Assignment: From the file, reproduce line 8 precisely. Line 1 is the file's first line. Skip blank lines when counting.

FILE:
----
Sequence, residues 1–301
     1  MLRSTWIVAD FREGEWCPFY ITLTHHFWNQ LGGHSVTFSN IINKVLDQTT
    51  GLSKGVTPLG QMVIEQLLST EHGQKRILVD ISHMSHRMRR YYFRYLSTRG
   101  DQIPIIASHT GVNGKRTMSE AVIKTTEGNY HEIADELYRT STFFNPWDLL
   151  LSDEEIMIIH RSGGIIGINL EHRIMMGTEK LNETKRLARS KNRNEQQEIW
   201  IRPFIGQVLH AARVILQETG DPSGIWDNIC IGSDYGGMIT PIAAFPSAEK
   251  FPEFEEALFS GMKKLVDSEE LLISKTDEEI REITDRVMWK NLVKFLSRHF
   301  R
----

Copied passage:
   301  R